US Spending on Traditional Prescription Drugs Fell in 2012 for First Time on Record
For the first time in more than 20 years, there was a decrease in U.S. spending on traditional prescription drugs — primarily pills people take to treat more common diseases such as high cholesterol and high blood pressure -- according to the Express Scripts 2012 Drug Trend Report, which quantifies annual changes in utilization, unit costs and overall prescription-drug spending, based on Express Scripts claims data for 100 million Americans.
Among the country’s commercially insured population, total spending on traditional prescription drugs fell 1.5% in 2012. However, this decline was offset by an 18.4% increase in spending on specialty medications to treat more complex diseases such as rheumatoid arthritis, cancer and hepatitis C. Combined, total drug trend for the year was +2.7%.
The first-ever decrease in traditional drug spending demonstrates the success of Express Scripts’ utilization management programs and an increased interest in generic medications, home delivery pharmacy and more focused retail pharmacy networks.
- Last year’s “patent cliff” ushered in lower-cost generic alternatives for many blockbuster medications. That led to an increase in utilization for eight of the top 10 traditional therapy classes, while unit costs decreased in seven of those classes.
- For the second consecutive year, the country spent more on prescription drugs for diabetes than for any other therapy class. Diabetes drug spending increased 11% in 2012, driven in part by unit cost increases for popular insulins.
- Spending on medications to treat attention disorders increased 14.2% in 2012. Utilization increased 8.8%, due largely to an increased number of adult patients. Unit costs increased 5.4% as a result of a 2012 shortage of active ingredients contained in many of the medications in this class.
The Increasing Challenge of Specialty Prescription-Drug Spending
Specialty medications often require specialized handling or administration, frequent dosing adjustments, and intensive clinical monitoring and patient assistance. While affecting less than 2% of the general population, specialty conditions in 2012 accounted for 24.5% of the country’s total drug spend within the pharmacy benefit, the highest percentage on record.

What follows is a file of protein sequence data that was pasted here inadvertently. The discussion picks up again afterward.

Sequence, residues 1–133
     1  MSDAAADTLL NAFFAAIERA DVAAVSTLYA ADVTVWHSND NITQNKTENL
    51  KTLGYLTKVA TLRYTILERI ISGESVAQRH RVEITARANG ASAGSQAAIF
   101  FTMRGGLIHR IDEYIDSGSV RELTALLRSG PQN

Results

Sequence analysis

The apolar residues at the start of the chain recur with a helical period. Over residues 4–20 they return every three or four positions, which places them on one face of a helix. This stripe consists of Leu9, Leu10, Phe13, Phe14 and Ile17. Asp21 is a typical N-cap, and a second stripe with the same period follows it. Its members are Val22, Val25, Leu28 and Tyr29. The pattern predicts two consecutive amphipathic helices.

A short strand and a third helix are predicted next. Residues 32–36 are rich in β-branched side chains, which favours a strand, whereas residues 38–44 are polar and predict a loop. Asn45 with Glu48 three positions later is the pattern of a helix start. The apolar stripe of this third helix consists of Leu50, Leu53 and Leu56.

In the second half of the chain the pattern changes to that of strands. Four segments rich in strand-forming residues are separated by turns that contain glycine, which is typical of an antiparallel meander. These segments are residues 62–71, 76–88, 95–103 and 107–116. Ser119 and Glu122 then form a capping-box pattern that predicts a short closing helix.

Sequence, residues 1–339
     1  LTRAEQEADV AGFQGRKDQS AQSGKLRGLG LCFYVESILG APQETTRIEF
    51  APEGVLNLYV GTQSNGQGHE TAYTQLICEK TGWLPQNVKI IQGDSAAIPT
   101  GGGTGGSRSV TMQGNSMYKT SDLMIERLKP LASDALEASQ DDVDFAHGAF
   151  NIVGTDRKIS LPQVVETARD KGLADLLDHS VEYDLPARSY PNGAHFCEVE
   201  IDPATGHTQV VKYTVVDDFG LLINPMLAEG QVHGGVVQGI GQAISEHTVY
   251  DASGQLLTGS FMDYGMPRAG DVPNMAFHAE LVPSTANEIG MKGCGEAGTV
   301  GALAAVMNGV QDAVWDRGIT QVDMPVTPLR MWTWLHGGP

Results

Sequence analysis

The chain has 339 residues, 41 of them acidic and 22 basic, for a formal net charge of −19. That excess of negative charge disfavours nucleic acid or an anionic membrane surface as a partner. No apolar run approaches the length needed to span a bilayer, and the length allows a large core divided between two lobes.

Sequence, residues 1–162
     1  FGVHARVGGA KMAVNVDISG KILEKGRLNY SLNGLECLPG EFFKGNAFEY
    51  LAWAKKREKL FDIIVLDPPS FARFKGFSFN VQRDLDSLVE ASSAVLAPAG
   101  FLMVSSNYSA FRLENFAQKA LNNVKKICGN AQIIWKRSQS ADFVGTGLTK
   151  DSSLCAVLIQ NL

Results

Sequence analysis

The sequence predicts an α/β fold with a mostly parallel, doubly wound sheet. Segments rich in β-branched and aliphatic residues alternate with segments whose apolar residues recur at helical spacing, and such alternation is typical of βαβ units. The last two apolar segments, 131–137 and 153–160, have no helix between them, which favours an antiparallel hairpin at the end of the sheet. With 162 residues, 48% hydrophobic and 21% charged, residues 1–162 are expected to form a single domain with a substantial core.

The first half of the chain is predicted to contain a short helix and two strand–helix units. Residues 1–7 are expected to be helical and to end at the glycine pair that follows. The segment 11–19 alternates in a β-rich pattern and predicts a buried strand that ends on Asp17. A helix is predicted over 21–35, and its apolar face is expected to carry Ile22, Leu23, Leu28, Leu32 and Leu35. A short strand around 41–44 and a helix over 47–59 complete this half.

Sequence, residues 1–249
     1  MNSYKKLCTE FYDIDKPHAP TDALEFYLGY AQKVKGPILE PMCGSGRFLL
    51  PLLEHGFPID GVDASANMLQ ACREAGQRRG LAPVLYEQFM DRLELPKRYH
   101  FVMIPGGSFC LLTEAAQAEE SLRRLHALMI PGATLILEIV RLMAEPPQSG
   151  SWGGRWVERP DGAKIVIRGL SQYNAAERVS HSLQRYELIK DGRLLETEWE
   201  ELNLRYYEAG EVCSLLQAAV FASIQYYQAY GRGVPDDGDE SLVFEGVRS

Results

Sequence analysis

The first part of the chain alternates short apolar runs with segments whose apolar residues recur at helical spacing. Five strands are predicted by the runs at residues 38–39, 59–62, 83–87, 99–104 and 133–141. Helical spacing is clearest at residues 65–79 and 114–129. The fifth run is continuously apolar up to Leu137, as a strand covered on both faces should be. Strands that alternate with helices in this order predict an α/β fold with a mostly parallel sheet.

- Four of the country’s 15 costliest diseases in drug spend — inflammatory conditions, multiple sclerosis, cancer and HIV — are treated with specialty medications.
- Inflammatory conditions such as rheumatoid arthritis, the costliest specialty category, saw spending increase an additional 23%. This increase was driven by both a 9% increase in utilization and a 14% increase in unit cost.
- At 33.7%, hepatitis C experienced a larger 2012 increase in drug spend than any other major therapy class — traditional or specialty. The increase is due almost entirely to two new drugs introduced in May 2011.
- Utilization and costs for cancer medications increased by 3.4% and 22.3%, respectively. Much of the increase in costs is driven by new drugs developed to treat unique genetic profiles, a trend that increased in recent years.
- In 2012, the Food and Drug Administration approved 22 new specialty drugs, many of which will cost more than $10,000 per month of treatment.
Widening Price Gap in Brand-Name and Generic Medications
According to the Express Scripts Prescription Price Index, prices on a market basket of the most highly utilized brand-name medications increased 12.5% in 2012, far outpacing the Consumer Price Index’s 2012 inflation of 1.7%. During the same time frame, prices of generic medications declined 24%. This 36.5 percentage point net inflationary effect is the largest single-year widening of brand and generic prices since Express Scripts began calculating its Prescription Price Index in 2008.
To access the full report, please visit www.drugtrendreport.com
Tags: Prescription Drug Spendin , Prescription Drug Costs , Generic Medications , Diabetes , Healthcare Reform
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